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It's the wave of the future: The economy thrives, but the employment rate doesn't

Jobless recovery will be a repeat phenomenon
By Shula Neuman

The "jobless recovery" that befuddled observers after the recession in the early 2000s was no fluke. It's actually a pattern that we can expect to continue thanks to technology's uneven impact across sectors of the economy, according to research from a business professor at Washington University in St. Louis. What's more, this new trend in business cycles is as important in making policy decisions as it is about the stability of the country's economy.

"Technology doesn't just land like a giant asteroid and change everything," said Glenn MacDonald, the John M. Olin Distinguished Professor of Economics and Strategy at the Olin School of Business. "It used to be that new technology was broadly impactful. But newer innovations have less of that character, directly impacting some sectors more than others. The Internet, for example has had an incredible direct effect on sectors such as finance and insurance, or retail, but a much more incidental effect on others."

Recovering from a recession doesn't include the entire economy.

Recovering from a recession doesn't include the entire economy.

New technology brings economic change

With new technology comes the need for companies where the technology is important to retool and reorganize how their business is run. This typically involves reducing output and often cutting back on labor. This translates into that sector of the economy beginning to slow.

"And that has other effects," MacDonald said. "Some individuals either feel the employment reduction directly or develop concern about that possibility, which causes them to restrict spending, which begins to impact other parts of the economy. So the economy slides into recession -- employment is falls, as does output. These are the short term costs of reconfiguring the economy."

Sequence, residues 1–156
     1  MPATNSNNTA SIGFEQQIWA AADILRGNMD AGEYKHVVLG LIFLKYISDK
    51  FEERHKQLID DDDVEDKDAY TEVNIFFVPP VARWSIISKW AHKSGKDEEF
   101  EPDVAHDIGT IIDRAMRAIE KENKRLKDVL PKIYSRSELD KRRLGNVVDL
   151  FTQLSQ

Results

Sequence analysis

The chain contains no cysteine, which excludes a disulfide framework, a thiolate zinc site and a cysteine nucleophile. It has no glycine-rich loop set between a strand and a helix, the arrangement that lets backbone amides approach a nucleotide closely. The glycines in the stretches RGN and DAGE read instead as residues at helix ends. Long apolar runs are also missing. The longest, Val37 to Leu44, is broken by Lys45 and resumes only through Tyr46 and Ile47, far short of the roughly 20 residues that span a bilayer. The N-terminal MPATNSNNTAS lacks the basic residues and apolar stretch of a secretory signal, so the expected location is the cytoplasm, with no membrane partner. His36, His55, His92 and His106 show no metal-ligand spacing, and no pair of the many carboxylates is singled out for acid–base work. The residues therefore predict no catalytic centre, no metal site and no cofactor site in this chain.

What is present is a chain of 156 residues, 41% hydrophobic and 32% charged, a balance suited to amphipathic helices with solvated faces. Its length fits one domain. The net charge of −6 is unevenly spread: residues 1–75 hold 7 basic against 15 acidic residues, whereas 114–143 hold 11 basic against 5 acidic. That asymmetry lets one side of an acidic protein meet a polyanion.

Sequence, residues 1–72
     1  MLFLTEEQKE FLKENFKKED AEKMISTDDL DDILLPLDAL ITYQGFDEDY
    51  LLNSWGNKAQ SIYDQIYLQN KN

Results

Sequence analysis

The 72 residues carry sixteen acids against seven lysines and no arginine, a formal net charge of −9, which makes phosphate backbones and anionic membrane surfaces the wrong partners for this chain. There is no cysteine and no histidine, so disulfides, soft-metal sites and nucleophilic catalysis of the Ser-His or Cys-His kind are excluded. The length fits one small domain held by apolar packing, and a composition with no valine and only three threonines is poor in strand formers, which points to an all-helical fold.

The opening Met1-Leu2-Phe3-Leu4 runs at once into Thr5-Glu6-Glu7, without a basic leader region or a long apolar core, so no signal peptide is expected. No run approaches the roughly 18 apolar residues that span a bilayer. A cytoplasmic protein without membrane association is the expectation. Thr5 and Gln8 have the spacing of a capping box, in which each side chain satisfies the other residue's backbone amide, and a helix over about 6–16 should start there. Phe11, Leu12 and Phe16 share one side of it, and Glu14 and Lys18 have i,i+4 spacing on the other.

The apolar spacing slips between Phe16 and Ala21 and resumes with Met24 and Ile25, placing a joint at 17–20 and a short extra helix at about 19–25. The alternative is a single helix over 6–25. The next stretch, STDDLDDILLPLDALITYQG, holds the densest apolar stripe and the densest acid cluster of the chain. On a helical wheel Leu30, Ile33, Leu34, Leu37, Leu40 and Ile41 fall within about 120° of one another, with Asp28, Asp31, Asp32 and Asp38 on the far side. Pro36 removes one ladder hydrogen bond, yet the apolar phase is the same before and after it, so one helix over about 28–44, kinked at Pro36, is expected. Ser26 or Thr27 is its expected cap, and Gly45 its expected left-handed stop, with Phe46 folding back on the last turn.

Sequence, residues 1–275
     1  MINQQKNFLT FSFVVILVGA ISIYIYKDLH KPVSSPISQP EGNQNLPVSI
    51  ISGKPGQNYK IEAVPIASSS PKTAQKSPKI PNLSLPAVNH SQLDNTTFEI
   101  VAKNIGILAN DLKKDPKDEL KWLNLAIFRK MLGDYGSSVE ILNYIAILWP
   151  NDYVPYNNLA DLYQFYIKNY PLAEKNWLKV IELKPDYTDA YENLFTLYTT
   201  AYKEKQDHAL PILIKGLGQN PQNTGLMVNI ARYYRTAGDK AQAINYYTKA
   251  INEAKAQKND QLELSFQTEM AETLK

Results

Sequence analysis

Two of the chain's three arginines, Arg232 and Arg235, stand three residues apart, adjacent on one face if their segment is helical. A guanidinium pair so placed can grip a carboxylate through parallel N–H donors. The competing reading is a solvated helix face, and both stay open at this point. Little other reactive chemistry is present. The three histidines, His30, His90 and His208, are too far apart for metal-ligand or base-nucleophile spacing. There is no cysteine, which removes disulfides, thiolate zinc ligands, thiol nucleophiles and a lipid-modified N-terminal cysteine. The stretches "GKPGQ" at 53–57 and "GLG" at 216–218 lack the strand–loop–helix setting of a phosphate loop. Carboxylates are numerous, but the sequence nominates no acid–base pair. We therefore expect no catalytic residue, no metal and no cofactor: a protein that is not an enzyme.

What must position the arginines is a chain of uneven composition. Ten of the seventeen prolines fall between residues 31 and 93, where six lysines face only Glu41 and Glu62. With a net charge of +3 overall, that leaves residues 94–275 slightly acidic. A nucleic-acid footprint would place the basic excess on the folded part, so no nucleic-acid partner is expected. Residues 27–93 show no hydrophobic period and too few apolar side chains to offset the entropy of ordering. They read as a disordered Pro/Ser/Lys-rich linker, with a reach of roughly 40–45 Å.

At the same time, firms are investing in new technologies. Once they get those technologies in place and running smoothly, they start to grow again, and employment in that sector starts to picks up. But that's only one part of the economy. Typically, the other parts continue to shrink.

"But people are smart. They see that some part of the economy is growing. They see the job opportunities and they think, 'Gee, the other part of the economy looks pretty promising,' so they do the things that are needed to switch sectors, such as searching for a new job, investing in new skills, and so on." MacDonald said. "But output has to grow enough to make the decision to move into a different sector of the economy an attractive one, because, for example, there are some who used to work in that part of the economy that continue to seek work there. That means you're going to see quite a bit of growth in that part of the economy before many actually move towards it."

"Investment in new skills and moving across sectors takes time. Even as output starts to grow, it will take a while for people to pulled into that part of the economy," MacDonald said.

In other words, output may grow, but the unemployment rate does not budge for an extended period of time. This results in the jobless recovery.

Jobless recovery's broader influence

"One reason it's important to understand how a jobless recovery happened is that it's going to happen again," MacDonald said. "The policy implications are far-reaching, including education, government unemployment insurance, poverty, and globalization."

"The kind of unemployment insurance that was effective during previous recessions will now not work nearly as well," MacDonald said.

Because of this new economic pattern, education becomes even more important for people—particularly, general education. There is already much less on-the-job training and much more formal education. People know they are going to cycle through many jobs, and probably careers—unlike 50 years ago when someone stayed in the same career, and even the same job, nearly all their lives.

"The unevenness in the way technology hits appears to be accelerating for unknown reasons; for proof just compare the last two recessions. If this trend continues it will cause businesses to adjust, and people to change employment unfamiliar ways, even impacting related phenomena such as outsourcing. Technology bring great benefits to the economy, but the associated investments are not free, and businesses and individuals will pay these costs as they make the adjustments needed to capitalize on new technology."

EXPERTS @ WUSTL
Glenn MacDonald
John M. Olin Distinguished Professor of Economics & Strategy, Olin Business School
(314) 935-7768
macdonald@olin.wustl.edu